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Fed won't raise rates at all this year

The Federal Reserve will not be able to raise interest rates this year. Why? Sustainable economic growth has not and is not occurring. While most economists are predicting a sustainably growing U.S. economy that will lead the rest of the world out of stagnation, outside of more rapid employment growth. there is no evidence that is happening.

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Janet Yellen
Kevin Lamarque | Reuters
Janet Yellen

And here's why the job growth is not as bullish as most believe: Over the past 13 months, there have been 3.4 million jobs created versus 2.6 million over the comparable prior 13 months. The main reason for the extra 800,000 jobs was the end of 2013 cessation of super extended unemployment benefits. Those folk dropped off the dole had to take minimum wage 30 hour-type jobs. That is why wage growth is non-existent. The newly employed making minimum wage are not taking home very much more than what they made via unemployment benefits plus food stamps.

Indeed, almost all economists — and Fed governors are also economists — have been incorrectly predicting over the past several years that interest rates will have to rise because of an improving economy. And like Godot, the improving economy has never arrived. That is why I continue to predict ever higher bond prices and lower yields — and why the consensus of economists will continue to be wrong in predicting a bond bear market.

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In fact, as opposed to takeoff velocity, the U.S. economy is slowing and could be entering into a shallow recession. The TrimTabs Macroeconomic Index, a correlation weighted composite index of leading economic variables, fell 0.6 percent in the past ten weeks and is 0.8 percent below its October 2014 peak.

The rest of the world, I argue, is already in a global recession that will deepen before it ends. Why? When the world's central banks dropped interest rates to zero, the immediate impact was a cut in prices for anything expensive enough to require debt to purchase. The price cut spurred sales of cars, houses, appliances, shipping, etc. Zero interest rates then inspired producers of cars and other commodities — particularly oil — to boost production dramatically. Unfortunately, without a real increase in final demand, what happens is what we have now — a vast amount of excess capacity in oil, most commodities and global automobile capacity.

In other words, we are in a global commodity bear market.

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Home sales spiked for several years when interest rates plunged, but by now, everyone who could afford a new home at record low mortgage rates has bought one. All of the recent home-sale numbers have disappointed to the down side. Throughout history, what has always followed slower sales is lower prices. The nonsensical myth that lower sales are due to lack of supply is ridiculous. In a supply-and-demand world, a lack of supply creates higher prices. That prices have stopped rising outside of New York, California and South Florida, says that the problem is lack of demand not supply.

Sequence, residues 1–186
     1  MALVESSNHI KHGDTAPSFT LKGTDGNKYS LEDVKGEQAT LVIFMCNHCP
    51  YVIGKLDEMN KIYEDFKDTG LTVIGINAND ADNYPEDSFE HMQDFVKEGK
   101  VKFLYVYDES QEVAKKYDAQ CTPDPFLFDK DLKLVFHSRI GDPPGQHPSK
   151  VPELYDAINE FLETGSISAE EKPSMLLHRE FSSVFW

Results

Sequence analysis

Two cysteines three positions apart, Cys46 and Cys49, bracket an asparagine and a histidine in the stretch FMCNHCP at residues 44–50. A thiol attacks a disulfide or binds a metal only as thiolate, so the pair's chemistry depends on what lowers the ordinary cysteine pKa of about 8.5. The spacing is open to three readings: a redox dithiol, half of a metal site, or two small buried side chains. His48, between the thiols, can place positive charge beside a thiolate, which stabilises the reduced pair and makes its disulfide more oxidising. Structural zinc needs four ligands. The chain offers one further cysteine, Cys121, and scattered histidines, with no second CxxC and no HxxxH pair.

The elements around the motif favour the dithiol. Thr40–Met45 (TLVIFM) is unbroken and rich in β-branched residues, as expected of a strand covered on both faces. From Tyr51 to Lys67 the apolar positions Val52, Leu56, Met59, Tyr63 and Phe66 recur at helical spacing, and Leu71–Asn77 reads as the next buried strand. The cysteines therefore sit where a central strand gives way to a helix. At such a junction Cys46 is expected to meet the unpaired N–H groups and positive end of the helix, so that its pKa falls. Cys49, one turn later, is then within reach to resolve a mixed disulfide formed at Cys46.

The same is true for oil production and new shipping capacity.

Why demand is not growing here in the U.S. and elsewhere is the result of no-growth governmental policies. The most important data point not currently understood is that, since 2008, there have been fewer new businesses being created than those that are closing. That's unprecedented. And ever since the start of the Bush-Obama presidencies, new jobs created are the lowest as a percentage of population growth ever! Unless that changes, the U.S. economy cannot sustainably grow.

The prevailing myth among investors is that we have to be entering into a sustainable economy recovery because global stock prices are at record highs. Almost all investors still believe that there is a direct relationship between the economy and stock prices.

Not true.

I continue to predict that stock prices will continue to rise over the near term, even though the U.S. economy is slowing.

At TrimTabs, we believe that all there is in the stock market are shares of stock; money flows in an out of the checking accounts of stock-market intermediaries, such as pension, hedge, mutual, exchange traded funds, etc. Indeed, 80 percent of the Russsell 1000 is held by institutions. Since the total number of shares in the U.S. stock market has been declining since the end of 2011, more money chasing fewer shares has created an ever rising stock market.

And for as long as companies keep reducing the overall share count, the U.S. stock market will keep rising, having nothing to do with the U.S. or global economies.

The real question to me is: How long can the stock market keep rising while the rest of the economy languishes?

I do not have an answer to that, except that markets can remain irrational longer then logic dictates.

Commentary by Charles Biderman, the founder of TrimTabs Investment Research, an institutional research firm that tracks supply and demand of stocks and money as well as macro economic data in real time. In 2011, Biderman launched TrimTabs Float Shrink ETF, TTFS, a five-star Morningstar-rated ETF. Follow him on Twitter @CharlesBiderman.